World-wide, people are lining up at Muay Thai gyms and paying a pretty penny to kick, punch and sweat their way to new fitness levels with this ancient martial art. Although Muay Thai, or Thai kickboxing as it’s sometimes called, originated in Thailand and has been practiced there for centuries, Muay Thai tourism is exploding. And it's making Thailand the perfect destination for a fitness-inspired vacation. Here’s a guide to getting your Muay Thai fix.
Immerse Yourself at a Muay Thai Camp
A Muay Thai camp is essentially like an all-inclusive resort, where your accommodation and meals are included, together with the classes and training fees. There are endless camp options available across Thailand.
HOW TO PICK THE RIGHT CAMP FOR YOU
When doing your research, contact the camp with any questions and read the reviews. Camps can vary widely with respect to class size and the seriousness of attendees, some with less focus on training and more of a party atmosphere.
If you’re interested in keeping the focus on fitness, choose a camp like KYN Muay Thai camp on Koh Yao Noi Island in southwest Thailand. It's a half hour boat ride from Phuket or Krabi, through the crystal blue water of the Andaman Sea, and past dramatic karst cliffs (limestone formations rising out of the water).
At KYN, the personable owner, 10-time superstar Muay Thai champion, Hlukhin Wassantasit, and his staff work with whatever your goals are, whether it’s weight loss, getting in shape, or if you want to go all the way to fight competitions. Be sure to register ahead as this camp keeps its classes small to be able to give personal attention to each student.
Train at an Affordable Luxury Hotel
137 Pillars Bangkok
If a camp sounds too hard-core, opt for affordable luxury at an upscale hotel. Most offer Muay Thai training options in their gyms and private classes are about a third of the cost of Canadian classes.
For example, 137 Pillars Bangkok offers a Muay Thai package for approximately $542 USD. It includes a two-night stay for two, boxing classes with professional trainers, a set of gloves, massage and other perks - on top of your accommodation in a luxury suite.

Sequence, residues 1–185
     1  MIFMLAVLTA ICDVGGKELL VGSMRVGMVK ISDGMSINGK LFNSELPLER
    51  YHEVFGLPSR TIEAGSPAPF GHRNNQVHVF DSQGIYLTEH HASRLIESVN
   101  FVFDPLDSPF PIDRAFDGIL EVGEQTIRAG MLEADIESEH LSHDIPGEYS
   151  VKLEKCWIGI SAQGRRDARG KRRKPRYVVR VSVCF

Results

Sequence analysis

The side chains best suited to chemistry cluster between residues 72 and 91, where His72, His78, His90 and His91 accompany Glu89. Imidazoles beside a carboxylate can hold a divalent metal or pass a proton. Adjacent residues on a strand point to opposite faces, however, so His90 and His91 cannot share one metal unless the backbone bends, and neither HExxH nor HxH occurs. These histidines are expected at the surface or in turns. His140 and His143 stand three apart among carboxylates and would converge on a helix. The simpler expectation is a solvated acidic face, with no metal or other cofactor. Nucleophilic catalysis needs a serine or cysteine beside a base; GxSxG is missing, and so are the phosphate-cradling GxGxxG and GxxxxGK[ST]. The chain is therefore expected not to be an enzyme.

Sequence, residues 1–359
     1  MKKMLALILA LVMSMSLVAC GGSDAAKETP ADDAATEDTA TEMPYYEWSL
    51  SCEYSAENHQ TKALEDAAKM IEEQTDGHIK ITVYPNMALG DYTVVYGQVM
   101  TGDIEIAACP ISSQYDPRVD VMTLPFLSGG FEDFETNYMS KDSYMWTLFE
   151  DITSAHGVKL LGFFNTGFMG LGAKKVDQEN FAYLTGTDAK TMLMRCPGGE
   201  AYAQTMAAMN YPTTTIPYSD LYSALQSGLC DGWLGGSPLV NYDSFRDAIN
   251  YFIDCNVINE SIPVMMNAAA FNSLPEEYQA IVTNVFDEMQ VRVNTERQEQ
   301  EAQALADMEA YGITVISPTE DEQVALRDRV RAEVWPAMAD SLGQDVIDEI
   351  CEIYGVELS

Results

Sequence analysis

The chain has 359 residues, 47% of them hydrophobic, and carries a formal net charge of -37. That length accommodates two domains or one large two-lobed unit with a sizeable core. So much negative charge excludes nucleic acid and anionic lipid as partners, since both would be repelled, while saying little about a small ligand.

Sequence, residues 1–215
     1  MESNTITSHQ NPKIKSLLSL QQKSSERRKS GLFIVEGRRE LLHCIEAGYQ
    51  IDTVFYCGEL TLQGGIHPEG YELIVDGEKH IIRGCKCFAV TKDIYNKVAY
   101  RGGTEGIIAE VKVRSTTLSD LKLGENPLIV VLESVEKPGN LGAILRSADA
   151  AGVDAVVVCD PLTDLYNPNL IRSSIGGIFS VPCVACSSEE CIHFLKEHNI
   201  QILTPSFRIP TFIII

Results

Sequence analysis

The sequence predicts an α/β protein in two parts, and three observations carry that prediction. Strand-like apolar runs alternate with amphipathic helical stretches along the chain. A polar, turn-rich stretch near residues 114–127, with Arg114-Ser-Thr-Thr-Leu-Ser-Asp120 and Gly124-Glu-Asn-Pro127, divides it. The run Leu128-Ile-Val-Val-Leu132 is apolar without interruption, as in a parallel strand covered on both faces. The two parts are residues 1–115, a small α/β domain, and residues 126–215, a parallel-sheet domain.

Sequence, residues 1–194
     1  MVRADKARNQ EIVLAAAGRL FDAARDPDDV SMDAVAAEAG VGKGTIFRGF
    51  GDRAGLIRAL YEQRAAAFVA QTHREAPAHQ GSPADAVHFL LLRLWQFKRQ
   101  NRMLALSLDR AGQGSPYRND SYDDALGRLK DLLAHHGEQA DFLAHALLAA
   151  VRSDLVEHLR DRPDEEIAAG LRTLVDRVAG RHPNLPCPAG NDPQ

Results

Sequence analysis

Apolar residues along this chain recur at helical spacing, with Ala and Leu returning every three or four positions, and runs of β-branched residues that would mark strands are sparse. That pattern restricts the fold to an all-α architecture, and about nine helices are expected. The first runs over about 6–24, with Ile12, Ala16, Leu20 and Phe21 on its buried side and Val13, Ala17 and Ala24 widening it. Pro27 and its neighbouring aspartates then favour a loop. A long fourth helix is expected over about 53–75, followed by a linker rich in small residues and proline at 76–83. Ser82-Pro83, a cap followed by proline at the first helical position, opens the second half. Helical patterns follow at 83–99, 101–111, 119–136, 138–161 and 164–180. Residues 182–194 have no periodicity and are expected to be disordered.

An option like this offers you plenty of time to hop aboard a tuk-tuk and roam Bangkok. Get your fill of markets and famous temples like the Grand Palace or Wat Pho, where the 46-metre-long Reclining Buddha lies. There are limitless numbers of restaurants to choose from and Thai food, with its emphasis on fruits and veggies, is naturally healthy so you can stick to your fitness regime.
Watch the Pros
To see how the experts do it, visit Rajadamnern Stadium in Bangkok where you will likely be one of the few foreigners watching Thai boxers duke it out.
Operating since 1945, Rajadamnern is the oldest boxing stadium in Thailand. It was also the setting for boxing scenes in the 1974 James Bond movie, Man with the Golden Gun. This film was the first exposure many Westerners had to Muay Thai.
Wearing a special headdress (mongkon), fighters start off by performing wai kru, a ritualistic dance which symbolizes respect and a request for protection from their masters and Buddha. At the same time, it demonstrates fighters' prowess to the audience, many of whom are placing their bets via frantic hand gestures with the on-site bookies.
As the fight progresses, the live trance-like music (a two-headed drum and a Javanese flute) gets progressively faster as the fighters quicken their strikes and punches. The crowd is worked into a cheering, screaming frenzy.
For 2,500 Thai bhat (about $100 CAD) you can book a ring-side seat. You'll be so close to the action that you’ll almost have to dodge flying sweat droplets.
Join the Festivities
Time it right (the spring) and catch the annual Wai Kru Muay Thai Festival held in historical Ayutthaya, just 80 kilometres north of Bangkok. At this day-long event, international fighters compete in the ring (there’s betting here as well), and in between matches you can browse booths selling boxing equipment, advertising training courses, or displaying ancient weapons.
There’s even a booth where you can get a Sak Yant tattoo, the traditional Thai tattoo done by hand. At the official ceremony at the end of the day, Muay Thai boxers from all over the world line-up to take part in the rituals to show respect for their teachers and past masters.
This previous Siamese capital of Thailand has been designated as a UNESCO world heritage property, and is peppered with prangs (spire-like shrines), temples and other historical finds and is well worth a look-see.
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